Why keeping up with rocker Jesse Malin is no easy task
On stage and off, the New York troubadour is a force of nature, thoughts and asides tumbling out in an unending deluge.
He’s about to depart Manhattan, where he was born and to which he remains fiercely attached, for a short Irish tour. It’s a busy period for the hard-bitten 47-year-old, shortly to release his second album within six months.
“I didn’t make a record for five years. When it was time to make a new album, I did two. The new one is called Outsiders. It’s a little darker, a little hardier, with a heavier vibe. It’s about f***ed up people – characters who don't fit in and are trying to make their way somehow on this planet.”
Malin could be speaking about himself. He came up in the early 2000s, some of his initial prominence owed, arguably, to his friendship with Ryan Adams. But he didn’t necessarily enjoy the spotlight and has followed his whims and wayward heart ever since.
“Making Outsiders I was going through a really weird time,” he says. “I’d kind of stopped talking to my friends. I had a falling out with a lot of people I played with. I was having a quiet time. I went up to the woods in Pennsylvania and made this record pretty quick, in just a couple of weeks. Stayed off the interweb and the cell phones.”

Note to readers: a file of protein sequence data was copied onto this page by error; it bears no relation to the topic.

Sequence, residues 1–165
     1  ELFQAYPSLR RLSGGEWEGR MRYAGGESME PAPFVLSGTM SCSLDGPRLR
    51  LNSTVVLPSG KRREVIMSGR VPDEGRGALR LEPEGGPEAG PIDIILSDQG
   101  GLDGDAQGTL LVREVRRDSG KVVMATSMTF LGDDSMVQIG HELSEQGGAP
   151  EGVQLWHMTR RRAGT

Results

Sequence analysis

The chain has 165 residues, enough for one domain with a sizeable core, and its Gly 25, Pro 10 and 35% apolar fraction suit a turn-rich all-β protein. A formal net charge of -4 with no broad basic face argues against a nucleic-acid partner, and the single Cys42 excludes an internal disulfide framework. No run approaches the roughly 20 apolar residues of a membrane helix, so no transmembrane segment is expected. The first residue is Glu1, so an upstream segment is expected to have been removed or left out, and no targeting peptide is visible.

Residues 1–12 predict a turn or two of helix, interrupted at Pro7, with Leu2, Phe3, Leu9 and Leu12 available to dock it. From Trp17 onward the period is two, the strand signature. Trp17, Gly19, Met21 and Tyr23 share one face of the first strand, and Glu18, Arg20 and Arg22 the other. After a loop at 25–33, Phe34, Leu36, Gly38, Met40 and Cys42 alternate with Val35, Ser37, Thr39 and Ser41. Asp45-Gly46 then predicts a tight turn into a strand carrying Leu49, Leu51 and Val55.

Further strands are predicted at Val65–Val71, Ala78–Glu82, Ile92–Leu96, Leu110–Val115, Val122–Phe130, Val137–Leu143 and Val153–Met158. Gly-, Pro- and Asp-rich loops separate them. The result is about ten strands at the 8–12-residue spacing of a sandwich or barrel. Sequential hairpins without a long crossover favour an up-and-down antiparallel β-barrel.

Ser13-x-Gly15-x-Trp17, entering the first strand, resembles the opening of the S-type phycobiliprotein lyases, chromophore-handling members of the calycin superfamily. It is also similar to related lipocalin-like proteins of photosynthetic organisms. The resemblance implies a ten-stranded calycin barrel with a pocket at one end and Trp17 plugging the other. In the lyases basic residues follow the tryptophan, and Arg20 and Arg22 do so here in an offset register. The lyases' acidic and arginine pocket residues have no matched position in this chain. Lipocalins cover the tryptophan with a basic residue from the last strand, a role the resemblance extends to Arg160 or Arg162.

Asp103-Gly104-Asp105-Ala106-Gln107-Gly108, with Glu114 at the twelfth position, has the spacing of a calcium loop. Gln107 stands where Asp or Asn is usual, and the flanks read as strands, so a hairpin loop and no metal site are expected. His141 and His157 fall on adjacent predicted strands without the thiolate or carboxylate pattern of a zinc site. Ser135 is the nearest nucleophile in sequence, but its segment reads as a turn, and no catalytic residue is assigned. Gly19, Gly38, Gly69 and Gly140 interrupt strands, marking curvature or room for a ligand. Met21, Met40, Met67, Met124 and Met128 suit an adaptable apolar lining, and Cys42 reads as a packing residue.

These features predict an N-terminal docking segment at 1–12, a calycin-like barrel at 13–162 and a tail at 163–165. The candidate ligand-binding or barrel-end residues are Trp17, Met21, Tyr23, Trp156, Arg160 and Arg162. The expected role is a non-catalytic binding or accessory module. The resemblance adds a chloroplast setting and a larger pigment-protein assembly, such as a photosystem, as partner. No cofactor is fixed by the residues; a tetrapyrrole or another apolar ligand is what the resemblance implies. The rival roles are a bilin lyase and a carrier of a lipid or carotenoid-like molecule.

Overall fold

The singer is perceived as a creature of New York – a street rat harking back to the golden era of Manhattan music and bands such as The Ramones, Talking Heads and Blondie. He’s not sure if it is that simple.
“New York is still my home. I live in Manhattan, on the island here. But I travel around the world - for me, rock and roll and the ideology behind it is a global thing, a connection that binds us together. I travel all the time and am always looking for that needle in the haystack. That record I haven’t heard before which is going to turn me on.”
Jesse Malin plays Academy 2, Dublin tonight, Roisin Dubh Galway tomorrow, Cyprus Avenue, Cork Friday.